Page Editor: Emily Lawson, 754-0424 LAKE CITY REPORTER LOCAL THURSDAY, SEPTEMBER 4, 2014 7A From staff reports The SHS Class of 1984 will hold its 30th Class Reunion on Saturday, Oct. 25 starting at 6:30 p.m. at The Brown Lantern, 417 E. Howard St., Live Oak. Dress is casual. Cost is $40 per person and includes buffet of fried/boiled shrimp, chicken wings, chick en strips, veggies, salad bar, etc. Tea, Coke products, and keg beer will be served all night. A cash bar will be avail able at a discounted price for wine and bottled beer. Entertainment is provided by DJ Kickin' Kevin Thomas. Payment must be received by Sept. 15. Make check/money order payable to Class of 1984 and send to Class of 1984 Sue Swann Ratliff P.O. Box 120 McAlpin, FL 32062. The Holiday Inn Express is offering a lodging discount: $112.57 per night with a min imum of 10 rooms reserved. Reservation deadline is Oct. 6. There will be reserved seating at the Friday, Oct. 24 Homecoming Football Game at a cost of $6 per ticket. The ticket price must be included in total amount remitted with reunion ticket purchase. Indicate how many tickets are needed when you RSVP. Questions? Email shs Class of 1984 to hold 30 th reunion From staff reports Are you age 64? If so, have you thought about enrolling in Medicare but don’t know where to start? Start here.The LifeStyle Enrichment Center is sponsoring an edu cational Medicare Seminar on Tuesday, September 9. The seminar will run from 5-6 p.m. and is free of charge, as a service to you. The seminar will be mod erated by Irv Crowetz, owner and founder of C/C & Associates, Inc. in Lake City. Crowetz will cover a wide range of subjects in the Medicare Seminar including: What you need to know about Medicare; When to enroll in Medicare; What is covered through Medicare; and Is a supplement needed.This is not a sales semi nar, but simply a time to ask questions and receive infor mation. Seating is limited so please call and reserve your spot today. Call C/C/ & Associates, Inc. at 386-755-3476, ext. 107. LifeStyle Center to offer free Medicare seminar Tuesday, Sept. 9 from 5-6 p.m. From staff reports If you live in western Columbia or eastern Suwannee County, there are two exciting new com munity services now available. A weekly Bingo game with refresh ments will be offered every Wednesday beginning at 9:30 a.m. at the Wellborn United Methodist Church, and the McLeran Community Library is beginning its fall season with many new books and other media. Bingo will be offered in the church Fellowship Hall begin ning September 10, and while there will be no cash awards, par ticipants will vie for a number of other special prizes. The games are open to adults of all ages (seniors especially encouraged), and you need not pre-register to attend. For more information about this event, call the church’s Outreach Ministries Coordinator, Kathy Lyons, at 386-365-3418. From 9 a.m. to 12 p.m. Wednesday through Saturday, the Thurston B. McLeran Community Library is open, and there is no charge to use its facilities. The library is perhaps one of the best-kept secrets in eastern Suwannee County. It was established years ago when the late Margaret McLeran Owens donated over 1,000 books to start a library for the local communi ty. Having taught in Suwannee and Columbia counties for over 30 years, Owens understood the importance of children and adults having convenient access to library materials. The library used to be housed in the Wellborn UMC Fellowship Hall until it was moved to Outreach Ministries across the street at 12004 County Road 137. Leading up to the move, the entire book collection was re-cat alogued and a computer database was developed by the current librarian. The move was accom plished with a host of volunteers. Two don’t-miss events coming up in Wellborn From staff reports Members and sea son ticket holders of Community Concerts of Lake City, Inc. are invited to attend all of the concerts held at Dowling Park in Live Oak, free of charge. A pass to the Dowling Park series will be mailed to you with your season tickets. However, tickets won’t be mailed until after the first two concerts have been presented. If you are a season tick et holder and would like to attend the September 5 concert at Advent Christian Village in Live Oak, please be aware that your name has been submitted to the Dowling Park staff and you are welcome to attend those concerts without having your pass. The Friday, Sept. 5 con cert is: Piano Quartet. “Con Brio.” This will entail an internationally acclaimed violin, viola, cello and piano quartet. Concerts begin at 7:00 p.m. at Advent Christian Village, 10680 Dowling Park Dr., Live Oak. The first concert of the 2014-15 Community Concert Series will be on Thursday, October 2 at 7:30 p.m. Season tickets and Dowling Park passes will be mailed prior to this date. Adult tickets for a single concert with Community Concerts will be sold at the door for $20. For more information about tickets or concerts, call (386) 466-2013.Con Brio to perform in Live Oak this Friday Piano quartet will be at Advent Christian at 7 p.m. COURTESYCCSO gains new memberColumbia County Sheriff Mark Hunter swore in a new member to CCSO in a ceremony Wednesday. Daniel “Danny” Blanton was sworn in as a Detention Deputy. Detention Deputy Blanton wi ll be assigned to the Detention Division as a detention officer. Saturday, Sept. 6Steak NightSteak Night from 5-7 p.m. Dinners include 12 oz rib-eye, baked potato, green beans, and a salad for $12. Kickstart performs at 8 p.m.Sunday, Sept. 7Cooked-to-order breakfastPost breakfast fundraiser. Cooked-to-order breakfasts will be served from 9 -11 a.m. Karaoke with Mark at 2 p.m. Wings, shrimp, and burgers will be served from 1:30-3 p.m. Saturday, Sept. 13Barbecue PorkBarbecue Pork dinners served from 5-7 p.m. Dinners will be $5 per plate. Evening Karaoke with Mark will begin at 7 p.m.Saturday, Sept. 20Fish FryVFW Rider’s Group Fish Fry from 5-7 p.m. Dinners will be $7 per plate. Following dinner, “It Must be Somebody’s Birthday” Dance Party. Kickstart will per form at 8 p.m. Everyone is invited to join us. Sunday, Sept. 21 Auxiliary BreakfastVFW Men’s Auxiliary Breakfast fundraiser. Cooked to order break fast will be served from 9:00 – 11:00 A.m. This fundraiser is open to the public. VFW Rider’s Group Poker Run following breakfast. Sunday, Sept. 28Karaoke with MarkKaraoke with Mark at 2 p.m. Wings, shrimp, and burgers will be served from 1:30-3 p.m. This event is open to the public. For more information please call 386-752-5001. This month at VFW Post 2206 Yard sale SaturdayFrom staff reports The Ladies of Bethlehem Baptist Church will donate proceeds from a yard sale this Saturday to benefit Christmas Gifts for Children. The yard sale will be at 2683 SE CR 252 and will begin at 8 a.m. Shands LakeShore The Auxiliary at Shands Lake Shore Hospital is looking volun teers of all shapes and sizes. With its new regime, the Auxiliary is able to offer a variety of oppor tunities for volunteers willing to donate just four hours of their time each week. Of course, you may volunteer as many hours as you'd like. Whether it's filing paperwork, working on the com puter, driving the golf cart, or working in the kitchen, there's a space for you. If you are 18 or older and would like a volunteer opportunity, stop by the gift shop to pick up an application or call 386-292-8000 x 21216 to receive an application by mail. Gift shop hours are Monday-Friday from 9 a.m. to 4 p.m. and Tuesday and Thursday stays open until 8 p.m.Lake City Medical Lake City Medical Center, 340 NW Commerce Dr., is looking for volunteers. If you have any extra time and a heart for volunteerism, please call 386-758-3385 for more information or visit the hospital’s website at or you can stop by the front desk and pick up a paper application. United Way United Way of Suwannee Valley is recruiting volunteers who are willing to be called upon to staff the Columbia County Emergency Operations Center’s Information Center during disasters. These volunteers serve as the link between the county emergency management offices and the pub lic when the EOC is activated for disasters. Anyone willing to serve in this capacity when needed or can recruit volunteers through your church or civic organization should call Jenn Sawyer, United Way of Suwannee Valley long-term recovery coordinator, at 752-5604, ext. 101. Hospice of Citrus Hospice of Citrus and the Nature Coast is searching for individuals who are interested in volunteering in the Suwannee, Columbia, Hamilton and Lafayette areas. Volunteers are needed to provide general office support and non-medical assis tance to patients and their fami lies. Hospice volunteers can pro vide services such as: telephone calls, socialization, light meal preparation, shopping or errands and staffing information booths at seasonal festivals. Volunteers are also needed in the thrift shop to sort and price merchandise. Thrift shop volunteers must be available once monthly for the Herry's Market to familiarize the community with the thrift shop. Special training will be provid ed. To volunteer for Hospice of Citrus and the Nature Coast, con tact Volunteer Manager Lynda Schladant at 386-755-7714. 4 organizations in need of volunteers FILEIn this January 2014 file photo Sharon Pruett shows off a necklace to Willie Dunlap, a Shands Lake Shore Regional Medical Center sur gical technician, at the Auxiliary Jewelry Sale. If you would like to work in the Auxiliary gift shop, call 386-292-8000 x 21216 for an application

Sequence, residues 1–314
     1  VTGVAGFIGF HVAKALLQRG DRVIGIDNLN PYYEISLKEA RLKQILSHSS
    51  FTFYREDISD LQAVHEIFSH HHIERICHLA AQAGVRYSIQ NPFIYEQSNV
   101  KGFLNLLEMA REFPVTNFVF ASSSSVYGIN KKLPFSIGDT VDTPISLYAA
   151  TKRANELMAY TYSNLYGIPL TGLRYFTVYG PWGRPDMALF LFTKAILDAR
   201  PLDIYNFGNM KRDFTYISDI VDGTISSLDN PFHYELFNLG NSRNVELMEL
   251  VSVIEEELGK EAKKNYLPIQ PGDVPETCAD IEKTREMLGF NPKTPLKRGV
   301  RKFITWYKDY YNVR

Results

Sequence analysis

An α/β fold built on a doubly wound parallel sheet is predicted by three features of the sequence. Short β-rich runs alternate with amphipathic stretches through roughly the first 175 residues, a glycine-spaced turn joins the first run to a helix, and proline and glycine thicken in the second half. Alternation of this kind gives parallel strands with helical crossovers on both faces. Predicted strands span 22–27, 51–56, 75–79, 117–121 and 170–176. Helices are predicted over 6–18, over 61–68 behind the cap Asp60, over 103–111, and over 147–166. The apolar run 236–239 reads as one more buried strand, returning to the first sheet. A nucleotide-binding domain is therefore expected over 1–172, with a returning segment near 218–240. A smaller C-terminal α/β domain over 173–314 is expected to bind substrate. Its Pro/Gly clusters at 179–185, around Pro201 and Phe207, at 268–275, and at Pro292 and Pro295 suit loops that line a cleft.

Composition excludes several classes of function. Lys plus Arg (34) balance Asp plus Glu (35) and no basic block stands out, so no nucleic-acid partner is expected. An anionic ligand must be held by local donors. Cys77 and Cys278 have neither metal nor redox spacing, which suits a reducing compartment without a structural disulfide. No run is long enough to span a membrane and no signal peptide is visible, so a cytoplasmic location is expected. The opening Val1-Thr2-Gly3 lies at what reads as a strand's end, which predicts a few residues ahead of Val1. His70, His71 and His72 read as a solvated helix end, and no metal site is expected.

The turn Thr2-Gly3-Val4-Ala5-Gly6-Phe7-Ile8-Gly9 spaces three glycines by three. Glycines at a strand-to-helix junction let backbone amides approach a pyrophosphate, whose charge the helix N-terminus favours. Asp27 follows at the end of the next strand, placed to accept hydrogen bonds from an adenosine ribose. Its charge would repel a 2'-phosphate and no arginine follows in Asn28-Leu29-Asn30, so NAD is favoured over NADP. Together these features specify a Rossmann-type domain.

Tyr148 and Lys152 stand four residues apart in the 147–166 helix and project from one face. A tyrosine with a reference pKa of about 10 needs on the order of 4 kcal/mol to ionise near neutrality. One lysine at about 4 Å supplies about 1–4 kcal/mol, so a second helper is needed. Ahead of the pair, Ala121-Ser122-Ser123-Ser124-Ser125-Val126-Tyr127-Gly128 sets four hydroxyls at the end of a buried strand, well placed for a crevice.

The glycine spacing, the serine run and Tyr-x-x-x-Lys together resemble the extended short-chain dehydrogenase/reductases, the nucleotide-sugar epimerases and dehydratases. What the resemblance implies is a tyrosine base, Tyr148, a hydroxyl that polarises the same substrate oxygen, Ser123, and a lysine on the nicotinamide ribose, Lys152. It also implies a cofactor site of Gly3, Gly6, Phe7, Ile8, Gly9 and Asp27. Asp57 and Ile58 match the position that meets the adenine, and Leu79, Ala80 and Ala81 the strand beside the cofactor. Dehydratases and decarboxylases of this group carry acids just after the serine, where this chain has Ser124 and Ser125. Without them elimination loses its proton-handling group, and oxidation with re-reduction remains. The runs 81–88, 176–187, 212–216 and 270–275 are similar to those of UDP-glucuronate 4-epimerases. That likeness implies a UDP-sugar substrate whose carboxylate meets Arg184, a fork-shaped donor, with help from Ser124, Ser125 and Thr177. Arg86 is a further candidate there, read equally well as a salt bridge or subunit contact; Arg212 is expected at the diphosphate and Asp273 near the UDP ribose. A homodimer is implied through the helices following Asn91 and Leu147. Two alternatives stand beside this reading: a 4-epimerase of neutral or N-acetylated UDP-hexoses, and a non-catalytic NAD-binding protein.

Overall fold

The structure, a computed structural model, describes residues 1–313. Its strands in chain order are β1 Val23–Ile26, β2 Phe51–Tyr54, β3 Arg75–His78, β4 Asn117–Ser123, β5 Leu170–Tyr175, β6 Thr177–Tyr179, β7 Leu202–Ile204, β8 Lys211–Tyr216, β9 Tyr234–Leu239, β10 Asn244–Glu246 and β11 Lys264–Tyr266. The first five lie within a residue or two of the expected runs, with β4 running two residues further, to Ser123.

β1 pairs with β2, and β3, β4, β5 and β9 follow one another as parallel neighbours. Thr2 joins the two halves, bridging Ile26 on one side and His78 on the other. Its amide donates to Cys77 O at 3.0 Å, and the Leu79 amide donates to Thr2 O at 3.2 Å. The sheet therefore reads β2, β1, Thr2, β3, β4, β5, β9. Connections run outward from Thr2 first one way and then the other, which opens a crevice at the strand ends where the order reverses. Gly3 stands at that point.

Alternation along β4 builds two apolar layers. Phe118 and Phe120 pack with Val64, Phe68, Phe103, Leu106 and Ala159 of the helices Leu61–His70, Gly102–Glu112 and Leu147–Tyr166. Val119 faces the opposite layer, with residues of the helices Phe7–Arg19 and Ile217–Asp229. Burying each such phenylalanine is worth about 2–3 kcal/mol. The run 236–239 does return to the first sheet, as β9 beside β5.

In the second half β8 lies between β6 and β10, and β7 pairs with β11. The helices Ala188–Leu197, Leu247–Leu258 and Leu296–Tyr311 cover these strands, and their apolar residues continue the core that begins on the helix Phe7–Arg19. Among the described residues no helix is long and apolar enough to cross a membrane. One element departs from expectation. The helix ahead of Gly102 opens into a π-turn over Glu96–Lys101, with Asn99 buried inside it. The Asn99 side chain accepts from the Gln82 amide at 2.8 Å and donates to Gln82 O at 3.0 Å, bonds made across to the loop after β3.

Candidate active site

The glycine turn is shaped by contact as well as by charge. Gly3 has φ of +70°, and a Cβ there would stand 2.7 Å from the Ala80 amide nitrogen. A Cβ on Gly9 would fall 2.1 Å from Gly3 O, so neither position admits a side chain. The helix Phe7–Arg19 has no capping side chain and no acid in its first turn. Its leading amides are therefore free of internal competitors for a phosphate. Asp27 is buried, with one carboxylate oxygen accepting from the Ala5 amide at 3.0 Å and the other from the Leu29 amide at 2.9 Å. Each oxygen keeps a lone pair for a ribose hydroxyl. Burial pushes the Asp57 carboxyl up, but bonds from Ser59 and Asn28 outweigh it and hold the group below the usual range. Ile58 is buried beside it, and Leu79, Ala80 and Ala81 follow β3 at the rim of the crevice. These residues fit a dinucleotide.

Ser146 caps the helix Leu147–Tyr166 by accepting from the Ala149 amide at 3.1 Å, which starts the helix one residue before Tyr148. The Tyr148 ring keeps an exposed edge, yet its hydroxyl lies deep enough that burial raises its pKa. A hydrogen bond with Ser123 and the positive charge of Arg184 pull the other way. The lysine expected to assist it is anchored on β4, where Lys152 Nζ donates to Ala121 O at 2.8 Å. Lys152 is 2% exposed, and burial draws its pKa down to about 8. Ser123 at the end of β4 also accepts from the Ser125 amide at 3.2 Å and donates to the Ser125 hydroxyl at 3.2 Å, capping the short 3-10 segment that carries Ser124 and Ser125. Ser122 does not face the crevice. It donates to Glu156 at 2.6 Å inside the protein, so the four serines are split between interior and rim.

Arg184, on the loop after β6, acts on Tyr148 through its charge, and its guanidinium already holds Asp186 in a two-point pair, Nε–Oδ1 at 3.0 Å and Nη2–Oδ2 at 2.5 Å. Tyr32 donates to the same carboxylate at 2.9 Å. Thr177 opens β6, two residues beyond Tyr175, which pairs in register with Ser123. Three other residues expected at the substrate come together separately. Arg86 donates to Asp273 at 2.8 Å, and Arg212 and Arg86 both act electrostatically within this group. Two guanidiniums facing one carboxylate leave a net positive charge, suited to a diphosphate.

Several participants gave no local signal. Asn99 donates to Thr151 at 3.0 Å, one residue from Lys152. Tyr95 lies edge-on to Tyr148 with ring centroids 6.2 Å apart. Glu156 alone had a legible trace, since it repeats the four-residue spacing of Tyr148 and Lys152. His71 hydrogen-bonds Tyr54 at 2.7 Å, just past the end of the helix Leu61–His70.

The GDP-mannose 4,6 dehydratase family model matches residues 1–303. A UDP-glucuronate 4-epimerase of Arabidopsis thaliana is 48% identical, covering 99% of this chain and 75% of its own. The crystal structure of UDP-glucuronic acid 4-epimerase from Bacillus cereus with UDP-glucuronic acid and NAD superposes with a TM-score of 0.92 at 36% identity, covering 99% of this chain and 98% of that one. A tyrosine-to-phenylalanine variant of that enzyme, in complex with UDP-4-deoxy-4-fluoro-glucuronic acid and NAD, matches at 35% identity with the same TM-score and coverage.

8A LAKE CITY REPORTER LOCAL THURSDAY, SEPTEMBER 4, 2014 Page Editor: Emily Lawson, 754-0424 New Patient Exam and Necessary X-raysDO150, DO330First-time patient Reg. $136 $29 SAVINGS OF $107 Expires September 30, 2014 ASPEN DENTAL GROUP From staff reports The Altrusa Club’s 5th Annual Diva Day will be held at the Columbia County Fairgrounds Banquet Hall on Saturday, September 13 from 9 a.m.-2 p.m. Altrusa, along with The Health Center of Lake City, Campus USA Credit Union, Gegee’s Studio, Suwannee Music Park, The Spa on Marion, Ward’s Jewelry & Gifts and Imperial Productions invite you to come out and stroll through the vendor booths and enjoy the day. Bring your mother, your BFF, your sister or your daughter. Make it a great day together while you shop and get pampered. Enjoy vendors with items such as jewelry, handbags, candles, soaps, make-up, cakes, choco lates, health screenings and more. An affordable lunch is available in our caf. The $5 admission ticket enters you in a drawing for a Bracelet courtesy of Ward’s Jewelry & Gifts or a 3 Day/2 Night Cabin & Golf Cart rental courtesy of Suwannee Music Park and many more door prizes. Tickets are available at Lake City Reporter and at the door. For more information, please call Jan Smithey, 386-961-3217. FILEIn this April 2012 file photo, Altrusa members Dorothy Spradley (fr om left) and Dr. Robin Hall greet Ann Darby and Donna Darby as they head into the Diva Day festivities at the Columbia County Fairgrounds. This year’s Diva Day will be held Saturday, Sept. 13 from 9 a.m. to 2 p.m. Prepare to be pampered 5th annual Diva Day, hosted by the Altrusa Club of Lake City, is set for September 13. From staff reports United Way of Suwannee Valley cordially invites all business leaders and com munity members to attend its annual community fund raising campaign kick-off event at the Florida Gateway College Howard Conference Center today. The event will begin with a social time from 5:30 to 6 p.m. followed by dinner and the program at 6 p.m. The meal, which will be catered by Moe’s, will fea ture a southwestern buffet including tacos, taco salad, fajitas, burritos, chips, salsa, queso, and all of the fixings, cookies, tea, lem onade and bottled water. There will be a taco bar for children 10 and under with volunteers to assist the younger guests. The cost of the event is $11 for adults and $6 for children 10 and under. SiTEL is sponsoring the facility fee. Children will be enter tained during the social time with balloon creations, magic performance, and a fishing game. Crayons and coloring pages will be pro vided to entertain young guests during the program, and the table covers will provide additional coloring space.Energy, Emotion and EnthusiasmEnergy will be inject ed into the program by a dance performance by stu dents at Lake City Dance Arts. Emotion will be included through a video produced by the Florida Gateway College Audio-Visual Department and spon sored by TD Bank. The video projects this year’s annual community fund raising campaign theme of “Creating Happy Endings” by sharing the successful outcomes of program par ticipants in a variety of pro grams offered by United Way and the United Way’s community impact partner agencies. Enthusiasm for sup port of our local United Way will be promoted by guest speakers represent ing local companies which support our community through United Way by conducting a Pacesetter campaign, concluding their company’s employee giv ing campaign prior to the kick-off event and setting the pace for the campaign. Among the Pacesetter companies which will fea ture their campaign repre sentatives as speakers are Target Distribution Center, TIMCO and Peoples State Bank. Each month through out the campaign season, report luncheons will be rotated to Suwannee, Hamilton and Columbia counties. These events will provide an opportu nity for various United Way community impact initiatives and affiliated agencies to be featured in light of the theme. Representatives of com panies which have com pleted their employee giving campaigns will be featured as they announce their community support. All are invited and encouraged to join our community in celebrating our local United Way and in supporting our annual community fundraising campaign. United Way of Suwannee Valley is a community impact and fundraising organization which, utiliz ing volunteers on all lev els, advances the common good by identifying unmet community needs and seeking to alleviate those needs through United Way of Suwannee Valley initia tives and the funding of 22 affiliated health and human service agencies. FILEIn this June 2014 file photo, Rita Dopp, executive director of the United W ay of Suwannee Valley, thanks Mike Williams of PotashCorp-White Springs, for the a id the company donated to relief efforts for Tropical Storm Debby. United Way of Suwannee Val ley is hosting its 2014 Kick-Off event today at the Florida Gateway College Howard Conferen ce Center in an effort to thank local supporters and jump start the 2014-15 fundraising sea son. Join United Way today in creating happy endings The 2014 Kick-Off event is today at the FGC Howard Conference Center.From staff reports Local non-profits are gearing up for fall with two movie presentations this month.Hospice of CitrusHospice of Citrus and the Nature Coast’s Monthly Movie Matinee will be offered to the public on Wednesday, September 10 at 2 p.m. at the Wings Education Center, 857 SW Main Blvd. This month’s movie is “The Rookie” star ing Dennis Quaid and Rachel Griffiths. The movie is present ed at no cost. Discussion time will follow the movie. The Monthly Matinee provides support for individuals dealing with grief and loss in a sup portive environment. For information or to register, contact Vicki Myers at 755-7714 Ext. 2411 or 866-642-0962.Stephen FosterBring your family or your date to a “Movie Under the Stars” at Stephen Foster Folk Culture Center State Park on the Amphitheater Lawn Saturday, September 20 at 7:45 p.m. Snuggle up in your own blanket or relax in your lawn chair to and enjoy a movie that was filmed right here in Florida. Although the park is not allowed to advertise the name of the movie, you may call the ranger station to find out what’s showing. That number is 386-397-4331. There is a $5 fee per car to enter the park but the program is free. There will be soda and popcorn available for sale. This event will take place rain or shine. Accommodations will be made in case of rain or extremely cold tempera tures. Stephen Foster Folk Culture Center State Park is located at 11016 Lillian Saunders Drive White Springs. 2 movie events coming up this month ‘The Rookie’ and a filmed-in-Florida classic to be shown locally. From staff reports Lake City Humane Society will hold a “Big Tent Adoption” event on Sept. 10-13 next to the Publix Shopping Center on NW Commons Loop. Hours are: Wednesday, Sept. 10 from 3-6 p.m.; Thursday, Sept. 11 from 3-6 p.m.; Friday, Sept. 12 from 3-6 p.m.; and Saturday, Sept. 13 from 11 a.m. to 4 p.m. Dogs and cats both big and small will be available for adoption. All animals have been spayed or neu tered, are current on their vaccinations, and are all microchipped. Included with each dog adoption is one free train ing lesson to help ensure a better bonding and under standing of your pet. Call the Humane Society at 386-752-3191 for more. Meet your new best friend Get connected to the Lake City Reporter. Stay connected with our online classied ads. FILEIn this December 2013 file photo, Lake City Humane Society volunteer Stephanie Roberts plays with Joey, 4, an Australian cattle dog. Dogs and cats will be available for adoption next week at the Humane Society’s Big Tent Adoption. Humane Society to hold adoption.